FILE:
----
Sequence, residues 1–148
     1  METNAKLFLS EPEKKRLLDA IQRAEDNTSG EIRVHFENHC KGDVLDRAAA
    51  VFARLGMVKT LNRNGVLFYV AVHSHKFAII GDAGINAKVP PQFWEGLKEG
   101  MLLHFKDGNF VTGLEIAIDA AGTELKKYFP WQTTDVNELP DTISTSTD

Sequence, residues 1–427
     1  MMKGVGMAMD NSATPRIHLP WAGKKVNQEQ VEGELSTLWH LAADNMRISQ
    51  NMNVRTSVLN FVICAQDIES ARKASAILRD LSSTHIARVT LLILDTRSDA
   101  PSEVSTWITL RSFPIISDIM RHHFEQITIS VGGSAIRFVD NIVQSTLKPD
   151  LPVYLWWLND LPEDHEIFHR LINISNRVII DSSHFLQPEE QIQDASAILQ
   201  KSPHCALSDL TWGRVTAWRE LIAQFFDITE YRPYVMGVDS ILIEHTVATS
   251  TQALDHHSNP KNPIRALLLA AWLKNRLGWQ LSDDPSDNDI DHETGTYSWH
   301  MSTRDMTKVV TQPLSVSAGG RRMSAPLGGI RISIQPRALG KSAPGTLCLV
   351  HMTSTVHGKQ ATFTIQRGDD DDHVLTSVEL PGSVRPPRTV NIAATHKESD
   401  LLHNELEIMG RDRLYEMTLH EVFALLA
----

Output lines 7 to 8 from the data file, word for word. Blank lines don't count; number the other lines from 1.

    51  NMNVRTSVLN FVICAQDIES ARKASAILRD LSSTHIARVT LLILDTRSDA
   101  PSEVSTWITL RSFPIISDIM RHHFEQITIS VGGSAIRFVD NIVQSTLKPD